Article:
[eDebate] ans Saindon
Tue Jun 12 17:45:14 CDT 2007
"whatever your colleagues will let you get away with."
"the topic is whatever your opponents and judges will let you get way with."
"The judge and the other team let you get away with resuming the literal stability of the words."
"If the last 150 years + of communication research has taught us anything, words and phrases are anything but purely literal or stable."
"But again, as long as you can get away with it..."
This is exactly the wrong pairing of a critical attitude and silence in answer to the whisper "why not?"
In repeated calls for Andy to not sell out his "friends", two motions masquerade as proto-ethics: 1) a reminder that the cause comes first and 2) the implied threat of expulsion for apostasy. Two ancient enemies of reason loosed in a philosophy of debate...
Brent, should Andy vote for his "friends" even if they lose a round? Wouldn't he be selling-out if he voted for the "policy" team, having let those arguments "convince" him? After all, a little twist here, a slip of the ear there, a reminder to oneself about the futility of fixing meaning and maybe his "friends" did do the better debating, despite the lack of answers, the shitty reasons, the obviously absurd drama... who is to say, really? "whatever your colleagues will let you get away with."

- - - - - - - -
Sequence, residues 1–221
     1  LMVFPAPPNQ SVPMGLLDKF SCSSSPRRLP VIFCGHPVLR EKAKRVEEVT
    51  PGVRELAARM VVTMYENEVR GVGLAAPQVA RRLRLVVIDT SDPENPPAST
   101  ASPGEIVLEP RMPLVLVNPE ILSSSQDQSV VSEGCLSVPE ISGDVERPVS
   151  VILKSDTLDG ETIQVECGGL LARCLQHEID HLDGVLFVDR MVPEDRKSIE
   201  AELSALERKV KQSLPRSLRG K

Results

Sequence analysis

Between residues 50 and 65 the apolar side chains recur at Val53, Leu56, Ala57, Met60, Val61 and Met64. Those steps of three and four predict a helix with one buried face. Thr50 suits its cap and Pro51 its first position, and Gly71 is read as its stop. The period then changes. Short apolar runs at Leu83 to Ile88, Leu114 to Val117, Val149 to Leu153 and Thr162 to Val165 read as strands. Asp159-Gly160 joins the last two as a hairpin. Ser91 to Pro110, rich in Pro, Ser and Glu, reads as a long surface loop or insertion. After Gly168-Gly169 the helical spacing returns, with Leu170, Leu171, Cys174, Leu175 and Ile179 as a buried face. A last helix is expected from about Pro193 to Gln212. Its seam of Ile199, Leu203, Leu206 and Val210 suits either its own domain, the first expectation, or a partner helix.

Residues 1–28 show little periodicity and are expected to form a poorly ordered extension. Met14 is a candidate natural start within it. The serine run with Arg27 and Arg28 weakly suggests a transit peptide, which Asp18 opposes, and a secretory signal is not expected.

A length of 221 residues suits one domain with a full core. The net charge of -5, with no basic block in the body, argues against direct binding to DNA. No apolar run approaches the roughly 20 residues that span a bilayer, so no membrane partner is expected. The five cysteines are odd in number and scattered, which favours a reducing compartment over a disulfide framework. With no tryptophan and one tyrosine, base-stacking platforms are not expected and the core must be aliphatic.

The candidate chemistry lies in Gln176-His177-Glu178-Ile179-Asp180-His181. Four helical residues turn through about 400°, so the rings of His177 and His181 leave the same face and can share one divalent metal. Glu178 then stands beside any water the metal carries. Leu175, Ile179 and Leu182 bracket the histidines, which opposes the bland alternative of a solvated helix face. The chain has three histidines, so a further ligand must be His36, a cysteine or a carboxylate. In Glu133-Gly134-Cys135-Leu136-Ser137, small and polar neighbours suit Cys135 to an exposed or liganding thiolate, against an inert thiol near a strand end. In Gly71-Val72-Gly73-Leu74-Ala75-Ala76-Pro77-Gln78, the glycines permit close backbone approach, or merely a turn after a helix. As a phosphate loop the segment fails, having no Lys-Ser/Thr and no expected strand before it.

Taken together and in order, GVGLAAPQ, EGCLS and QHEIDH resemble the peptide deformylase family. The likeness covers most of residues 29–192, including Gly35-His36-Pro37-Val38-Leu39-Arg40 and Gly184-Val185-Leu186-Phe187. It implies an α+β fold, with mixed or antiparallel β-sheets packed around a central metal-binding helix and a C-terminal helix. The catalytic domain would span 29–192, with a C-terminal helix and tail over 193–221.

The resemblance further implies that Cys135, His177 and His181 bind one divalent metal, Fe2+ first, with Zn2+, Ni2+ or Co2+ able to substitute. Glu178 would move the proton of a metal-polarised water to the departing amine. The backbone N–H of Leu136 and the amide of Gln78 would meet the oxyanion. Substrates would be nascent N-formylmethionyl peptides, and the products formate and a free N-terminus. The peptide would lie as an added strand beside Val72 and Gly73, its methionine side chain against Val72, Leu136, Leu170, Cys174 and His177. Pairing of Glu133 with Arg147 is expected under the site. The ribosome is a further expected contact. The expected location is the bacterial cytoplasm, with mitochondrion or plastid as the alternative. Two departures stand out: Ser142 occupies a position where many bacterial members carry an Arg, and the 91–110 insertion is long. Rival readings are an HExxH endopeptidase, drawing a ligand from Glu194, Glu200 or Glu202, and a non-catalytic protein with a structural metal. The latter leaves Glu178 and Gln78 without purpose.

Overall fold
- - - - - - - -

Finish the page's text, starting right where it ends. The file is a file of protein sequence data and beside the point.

Brent, should Andy really have to choose between his "friends" and what he concludes is right? You don't have an opinion on that matter? Because you have no opinion about anything except that you hear no answer when you ask the question "why not?" Its all politics anyway, huh? Slip Andy a joint or a fiver or a reach-around and he signs the ballot your way. "But again, as long as you can get away with it..."
Brent, if you can get away with fabricating evidence? Brent if you can get away with stealing their 1AC when they aren't looking? Brent, if you can get away with reminding the judge that the other team is gay or presbyterian or black? Brent...
This is exactly the wrong understanding of "there are no rules in debate": somewhere along the way someone explained it sideways. "There are no rules in debate" does not just mean that we are thus free to do anything "your opponents and judges will let you get way with". "There are no rules in debate" also means the opposite: we are responsible for our own actions, to choose and fashion our own conduct under cross-pressures, to find our goodness even when it hurts our chances to win. Any self-respecting atheist could have explained it to Brent: "there is no God" doesn't void ethics - it forces responsibility for our actions as our own, from the rules on out.
But ... Brent got one thing right... this discussion is largely about how much we should let those who don't seem to have internal constraints against forcing the one-way conversation on others to be able to get away with.
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